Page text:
The Musical Easter Egg Hidden in Windows 95


by James Hunt

Developing software is difficult and often thankless work, so it's hardly a surprise that many developers take it upon themselves to have a little fun by inserting Easter eggs—or unofficial messages and content—into software. The first example dates back to 1979, when software programmer Warren Robinett snuck a secret code into the Atari 2600 game Adventure that revealed his name, sneakily circumventing Atari's policy of not crediting its developers.

Since then, Easter eggs have become relatively common in large software packages, particularly Microsoft Windows. And maybe the greatest Easter egg of them all was "Clouds," the secret Windows 95 theme song which was accessed in an near-impossible-to-discover way.

To access the "Clouds," simply load any version of Windows 95 (we suspect that's easier said than done in 2015) and perform the following actions:

1. Right click on the Desktop and select "New..." then "Folder."
2. Name the folder "and now, the moment you've all been waiting for" then press Enter.
3. Rename the folder to "we proudly present for your viewing pleasure" then press Enter.
4. Rename the folder one last time to "The Microsoft Windows 95 Product Team!" and press Enter again. Then open the folder.
5. Instead of the empty folder contents, you'll see the Windows 95 product team credits animation with the secret Windows theme tune—a piano-based ditty—playing over the top.

The music for the animation was written by Brian Orr, an intern on the Windows 95 team who was instructed to create music that would evoke images of "floating" and "peace" (to remain on-brand with Windows 95's marketing) and to make sure it retained these qualities on even the most standard sound cards of the day.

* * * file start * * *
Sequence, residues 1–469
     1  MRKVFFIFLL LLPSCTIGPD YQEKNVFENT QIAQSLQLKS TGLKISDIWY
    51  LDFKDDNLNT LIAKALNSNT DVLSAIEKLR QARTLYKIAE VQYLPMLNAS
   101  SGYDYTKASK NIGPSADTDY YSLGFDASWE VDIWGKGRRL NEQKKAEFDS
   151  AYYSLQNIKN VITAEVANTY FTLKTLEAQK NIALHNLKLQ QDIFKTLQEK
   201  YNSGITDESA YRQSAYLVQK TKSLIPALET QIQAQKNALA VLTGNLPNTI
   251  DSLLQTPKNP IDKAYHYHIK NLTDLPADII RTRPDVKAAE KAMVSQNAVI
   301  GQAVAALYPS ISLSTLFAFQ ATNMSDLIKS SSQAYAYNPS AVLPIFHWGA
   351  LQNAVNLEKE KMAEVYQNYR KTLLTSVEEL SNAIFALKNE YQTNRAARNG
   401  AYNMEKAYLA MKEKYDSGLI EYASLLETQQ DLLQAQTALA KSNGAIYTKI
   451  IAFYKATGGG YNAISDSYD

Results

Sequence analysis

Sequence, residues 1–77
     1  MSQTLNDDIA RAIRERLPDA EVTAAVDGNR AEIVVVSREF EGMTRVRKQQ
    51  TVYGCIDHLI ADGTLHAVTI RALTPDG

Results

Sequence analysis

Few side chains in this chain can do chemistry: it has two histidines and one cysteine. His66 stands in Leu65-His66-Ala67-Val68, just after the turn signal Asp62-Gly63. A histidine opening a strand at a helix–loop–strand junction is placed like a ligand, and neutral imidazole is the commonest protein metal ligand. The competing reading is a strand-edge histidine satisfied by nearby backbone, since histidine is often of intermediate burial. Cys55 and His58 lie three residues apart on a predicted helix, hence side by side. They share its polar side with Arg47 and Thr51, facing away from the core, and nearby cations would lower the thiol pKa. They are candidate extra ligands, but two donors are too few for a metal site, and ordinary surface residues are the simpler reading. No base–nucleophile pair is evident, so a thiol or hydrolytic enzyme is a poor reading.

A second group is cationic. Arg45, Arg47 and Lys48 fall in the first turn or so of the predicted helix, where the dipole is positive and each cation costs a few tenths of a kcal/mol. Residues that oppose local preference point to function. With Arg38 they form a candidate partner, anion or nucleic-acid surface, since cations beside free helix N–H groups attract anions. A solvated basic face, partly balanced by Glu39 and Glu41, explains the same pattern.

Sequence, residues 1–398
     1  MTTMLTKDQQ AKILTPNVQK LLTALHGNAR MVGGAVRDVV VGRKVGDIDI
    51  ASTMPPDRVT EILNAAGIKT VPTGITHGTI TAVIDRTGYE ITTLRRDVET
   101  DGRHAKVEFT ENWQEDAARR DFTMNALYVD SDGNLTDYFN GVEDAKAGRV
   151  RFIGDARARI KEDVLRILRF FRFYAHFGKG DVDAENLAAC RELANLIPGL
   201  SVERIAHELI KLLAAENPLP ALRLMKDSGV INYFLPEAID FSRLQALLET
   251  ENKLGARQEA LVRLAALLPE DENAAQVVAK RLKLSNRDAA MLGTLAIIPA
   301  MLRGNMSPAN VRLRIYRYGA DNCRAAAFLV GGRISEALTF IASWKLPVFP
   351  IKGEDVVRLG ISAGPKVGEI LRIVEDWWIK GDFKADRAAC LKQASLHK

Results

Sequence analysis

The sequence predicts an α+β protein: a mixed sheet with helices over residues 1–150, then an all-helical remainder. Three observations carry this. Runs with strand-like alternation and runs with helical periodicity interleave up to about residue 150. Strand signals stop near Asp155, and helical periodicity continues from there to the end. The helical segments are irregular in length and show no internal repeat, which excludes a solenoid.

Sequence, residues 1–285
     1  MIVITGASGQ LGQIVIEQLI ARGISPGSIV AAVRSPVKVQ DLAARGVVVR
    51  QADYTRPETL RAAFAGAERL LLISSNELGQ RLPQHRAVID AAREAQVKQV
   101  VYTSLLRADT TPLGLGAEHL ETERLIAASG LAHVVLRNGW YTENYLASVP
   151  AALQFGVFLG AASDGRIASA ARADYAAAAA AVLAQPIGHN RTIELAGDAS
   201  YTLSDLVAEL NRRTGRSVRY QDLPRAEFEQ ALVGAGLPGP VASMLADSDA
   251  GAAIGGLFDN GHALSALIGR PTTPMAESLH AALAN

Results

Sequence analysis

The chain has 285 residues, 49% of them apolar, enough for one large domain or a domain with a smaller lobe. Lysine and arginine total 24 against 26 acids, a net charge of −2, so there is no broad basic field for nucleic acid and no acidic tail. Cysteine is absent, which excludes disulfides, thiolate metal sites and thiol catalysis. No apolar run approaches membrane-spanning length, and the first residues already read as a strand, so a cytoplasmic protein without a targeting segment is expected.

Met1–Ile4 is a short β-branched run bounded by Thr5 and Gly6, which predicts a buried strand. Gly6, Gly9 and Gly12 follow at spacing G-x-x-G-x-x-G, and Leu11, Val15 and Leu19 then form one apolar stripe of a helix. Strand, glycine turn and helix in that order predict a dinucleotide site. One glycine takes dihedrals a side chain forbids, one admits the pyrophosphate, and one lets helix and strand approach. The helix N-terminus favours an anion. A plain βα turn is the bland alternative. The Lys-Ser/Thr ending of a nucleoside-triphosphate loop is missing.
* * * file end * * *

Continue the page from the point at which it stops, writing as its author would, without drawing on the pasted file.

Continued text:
The result is surprisingly catchy, especially given the technical limitations—making it a shame that so few people ever got to hear it when you consider how many people used Windows 95 and that it was hidden on every PC on which the OS was ever installed.

If you don't have access to Windows 95 right now, you can view the entire process—and hear "Clouds"—in the video below.

If you enjoyed that, why not visit composer Brian Orr's SoundCloud page for more behind-the-scenes details.

Big Questions
Why Are the Keys On a QWERTY Keyboard Laid Out As They Are?

Why are the keys on a QWERTY keyboard laid out as they are?

C Stuart Hardwick:

What is commonly called QWERTY (more properly, the Sholes layout) was designed by Christopher Lathan Sholes, then modified through a series of business relationships. Sholes's original keyboard was alphabetical and modeled after a printing telegraph machine. The alphabetical layout was easy to learn, but not easy to type on.

For one thing, all practical typing machines of the day relied on mechanical levers, and adjacent letters could jam if struck with rapidity. There has long been a myth that Sholes designed the QWERTY layout to slow typists down in order to prevent this. Nothing could be further from the truth, but Sholes’s first customers were telegraphers. Over several years, he adapted the piano-like alphabetical keyboard into
a four-row keyboard designed to aid telegraphers in their transcription duties.

This new layout mostly spread out commonly struck keys, but also placed easily confused telegraph semaphores together. This layout was sufficient to permit telegraph transcription to keep up with transmissions and created a growing market.